Venezuela

During the early part of August 2017, Venezuela’s 545 member assembly unanimously voted for and elected a new legislative super body that is expected to rewrite the constitution and give vast powers to the ruling Socialist Party. Fast forward to today, the US has placed economic sanctions on president Chavez, frozen his personal assets and also prohibited dealings in new debt or equity issued by state owned oil firm PDVSA or the government.

Venezuela responded to this by suspending trading in US dollars and publishing the Venezuelan oil basket price in Chinese Yuan. Instead of sidestepping the sanctions, financial analysts say that this would further complicate the economic situation of the country due to increased foreign exchange and transactional costs. In addition, bond repayments totalling USD 3.5 billion are due in October and November 2017 – finding hard cash for this could prove a challenge. As such, a default cannot be ruled out. Adding to the country’s woes, oil production is expected to fall going forward due to severe shortages of diluents and also significant production losses – this affects the ability of the government to find the hard cash it needs, leading to a "catch 22" situation.

Geopolitical dark horse is the current crisis between North Korea and the U.S. as a large portion of the global seaborne crude could be disrupted should tensions escalate.

We set Geopolitics to Bullish

From Global Risk Management

The Oil Market Quarterly Outlook Oct'17

Oil Price Forecast

About the report and the authors

How is the report structured?

The report is divided into three parts – each part elaborates on three main topics which are influencing the oil prices:

  • Fundamentals – covering the supply and demand balance
  • Financials – covering speculators’ interest and the development of the financial market
  • Geopolitics – covering the situation in unstable oil producing regions of the world.

 The GOSI is the background for the medium term forecast on oil prices. The last pages in the report are our forecast and company news.

Disclaimer

About Global Risk Management:

Global Risk Management is a leading provider of customised hedging solutions for the management of price risk on fuel expenses. Combining in-depth knowledge of the oil market, finance and transport, we help clients protect their margins from the risk posed by notoriously volatile fuel prices.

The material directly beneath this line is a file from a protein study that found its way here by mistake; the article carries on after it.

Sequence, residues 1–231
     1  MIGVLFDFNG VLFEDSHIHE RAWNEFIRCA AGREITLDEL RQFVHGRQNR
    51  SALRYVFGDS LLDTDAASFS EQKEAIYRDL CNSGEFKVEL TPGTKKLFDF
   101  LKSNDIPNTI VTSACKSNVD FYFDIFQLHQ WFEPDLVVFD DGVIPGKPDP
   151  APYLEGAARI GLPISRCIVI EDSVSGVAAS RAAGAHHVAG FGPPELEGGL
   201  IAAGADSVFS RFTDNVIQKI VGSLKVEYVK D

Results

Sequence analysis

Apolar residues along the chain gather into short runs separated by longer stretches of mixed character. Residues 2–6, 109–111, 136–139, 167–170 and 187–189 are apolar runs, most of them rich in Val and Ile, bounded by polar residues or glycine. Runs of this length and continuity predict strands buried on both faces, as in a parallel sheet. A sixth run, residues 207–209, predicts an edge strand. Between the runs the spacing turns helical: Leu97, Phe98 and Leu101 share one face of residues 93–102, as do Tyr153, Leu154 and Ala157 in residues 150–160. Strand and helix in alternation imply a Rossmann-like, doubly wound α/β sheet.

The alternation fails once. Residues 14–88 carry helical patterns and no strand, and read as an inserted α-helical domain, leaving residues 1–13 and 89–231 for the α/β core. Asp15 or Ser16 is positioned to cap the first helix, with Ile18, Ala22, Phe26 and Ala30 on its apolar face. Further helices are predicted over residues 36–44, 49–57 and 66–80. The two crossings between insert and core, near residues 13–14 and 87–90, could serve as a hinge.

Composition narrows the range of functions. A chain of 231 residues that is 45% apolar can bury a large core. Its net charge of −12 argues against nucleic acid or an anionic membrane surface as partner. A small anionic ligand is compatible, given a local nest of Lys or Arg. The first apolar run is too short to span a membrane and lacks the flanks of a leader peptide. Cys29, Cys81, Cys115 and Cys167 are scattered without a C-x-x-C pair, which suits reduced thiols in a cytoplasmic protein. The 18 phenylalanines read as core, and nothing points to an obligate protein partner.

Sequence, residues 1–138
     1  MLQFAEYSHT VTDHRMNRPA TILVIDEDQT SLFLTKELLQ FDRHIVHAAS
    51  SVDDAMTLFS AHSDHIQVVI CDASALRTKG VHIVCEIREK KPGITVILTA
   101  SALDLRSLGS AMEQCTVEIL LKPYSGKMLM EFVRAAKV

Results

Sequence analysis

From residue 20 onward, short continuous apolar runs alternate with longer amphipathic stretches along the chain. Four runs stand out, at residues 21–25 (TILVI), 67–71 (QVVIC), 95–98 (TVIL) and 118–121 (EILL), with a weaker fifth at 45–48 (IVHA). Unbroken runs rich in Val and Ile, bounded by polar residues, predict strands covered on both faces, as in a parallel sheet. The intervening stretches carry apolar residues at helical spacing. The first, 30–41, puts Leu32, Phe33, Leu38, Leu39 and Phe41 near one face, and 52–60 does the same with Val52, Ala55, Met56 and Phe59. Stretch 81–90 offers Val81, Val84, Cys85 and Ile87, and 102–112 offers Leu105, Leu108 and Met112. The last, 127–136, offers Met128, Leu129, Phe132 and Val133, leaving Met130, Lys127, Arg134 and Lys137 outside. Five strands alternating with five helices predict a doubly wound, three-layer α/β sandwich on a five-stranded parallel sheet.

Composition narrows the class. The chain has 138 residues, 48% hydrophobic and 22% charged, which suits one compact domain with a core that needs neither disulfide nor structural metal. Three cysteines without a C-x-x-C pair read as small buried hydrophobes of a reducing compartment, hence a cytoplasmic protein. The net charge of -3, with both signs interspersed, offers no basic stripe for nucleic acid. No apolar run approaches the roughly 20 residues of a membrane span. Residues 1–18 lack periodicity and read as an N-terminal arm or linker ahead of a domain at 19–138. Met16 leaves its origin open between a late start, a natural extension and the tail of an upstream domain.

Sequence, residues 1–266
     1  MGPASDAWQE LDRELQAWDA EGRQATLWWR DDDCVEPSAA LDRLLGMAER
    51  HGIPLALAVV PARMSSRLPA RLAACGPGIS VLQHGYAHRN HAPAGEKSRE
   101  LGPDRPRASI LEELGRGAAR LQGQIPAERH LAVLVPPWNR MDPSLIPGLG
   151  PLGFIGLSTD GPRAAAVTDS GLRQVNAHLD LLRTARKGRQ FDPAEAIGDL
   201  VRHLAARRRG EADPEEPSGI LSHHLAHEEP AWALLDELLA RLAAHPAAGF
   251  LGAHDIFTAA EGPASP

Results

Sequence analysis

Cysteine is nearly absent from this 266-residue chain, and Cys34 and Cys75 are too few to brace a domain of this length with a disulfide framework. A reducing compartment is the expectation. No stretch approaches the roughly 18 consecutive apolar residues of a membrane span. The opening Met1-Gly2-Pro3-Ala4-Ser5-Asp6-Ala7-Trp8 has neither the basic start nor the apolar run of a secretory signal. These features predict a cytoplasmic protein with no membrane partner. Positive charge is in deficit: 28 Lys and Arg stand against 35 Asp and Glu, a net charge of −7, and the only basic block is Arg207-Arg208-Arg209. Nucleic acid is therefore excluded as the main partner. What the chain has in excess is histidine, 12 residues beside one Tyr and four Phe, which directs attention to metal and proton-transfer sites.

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This publication has been published by the research department of Global Risk Management for information purposes only. Global Risk Management is not liable for its content and disclaim liability if it is used for trading or other purposes. The publication is protected by copyright and may not be reproduced in whole or in part without a proper source description.

Oil prices and

the number of active U.S. oil rigs

Special feature article

 

Over the past 10 years, U.S. oil production has increased from 5 mio. barrels per day to currently just above 9 mio. barrels per day, making the U.S. one of the largest oil producers in the world. Any changes in the production is therefore followed closely and in the below we highlight one of the indicators of production changes, the oil rig count.

Since mid'14 oil prices have plummeted, and so has the number of active oil rigs in the U.S. However, the U.S. shale oil production has increased. The explanation is new technology and techniques of drililng in the shale oil basins. Producers are able to pump more oil per rig and at a lower cost than before. This short feature article shows the development graphically and provides an insight into the dynamics between price and number of active oil rigs.

In order to quantify the development in the U.S. shale oil market we have conducted an analysis attempting to highlight the time lag from an oil price change to an oil rig count change and the change of structure of the break-even points.

First, looking at the total U.S. on-shore oil rig count and the price of Brent crude, it appears that following a price change there is a change in the number of active oil rigs; see graph below. In the period from 2011 up until late 2016/early 2017 the picture is in general that when the oil price decreases, the oil rig count will decrease within a certain amount of time. It is this amount of time this analysis attempts to establish.

The same result appears when using regression analysis. By regressing the oil rig count on a lagged value of Brent price we find that the most significant (the lagged parameter with the highest t-value) lag is 14 weeks (3.5 months).

At the point where the price curve "fits" best, there is about 4 months' difference in time, give or take a week

When reaching 2017, the above seems to change; even though the oil price drops or remains constant, the oil rig count continues to increase. This change leads to the next diagram where the number of oil rigs is plottet againsy the oil price recorded at the same time. But the plots are not ordered in time, enabling us to look at the structure of how many rigs were active at which oil price.

Looking at the Permian basin there is clearly a link between oil price and oil rigs; the higher the price, the more rigs, which is displayed by the green dotted line.  An interesting finding is that the black drawn line showing a different trend than the green line. This is called a structural break. What it represents is that there are more rigs at the same price level than earlier.

So what is the reason for this?

Most likely it comes as a consequence of lower break-even prices. I.e. that for the same amount of money, more rigs can be active. The only clear sign we have found is in the Permian basin, which is the most productive in the U.S. If this trend can apply to other production sites, we could see an even larger increase in the number of active oil rigs in future.

Below an overview of U.S. oil basins by size over time.

What is the conclusion?

When the price drops significantly we can expect the number of oil rigs to drop about 4 months later.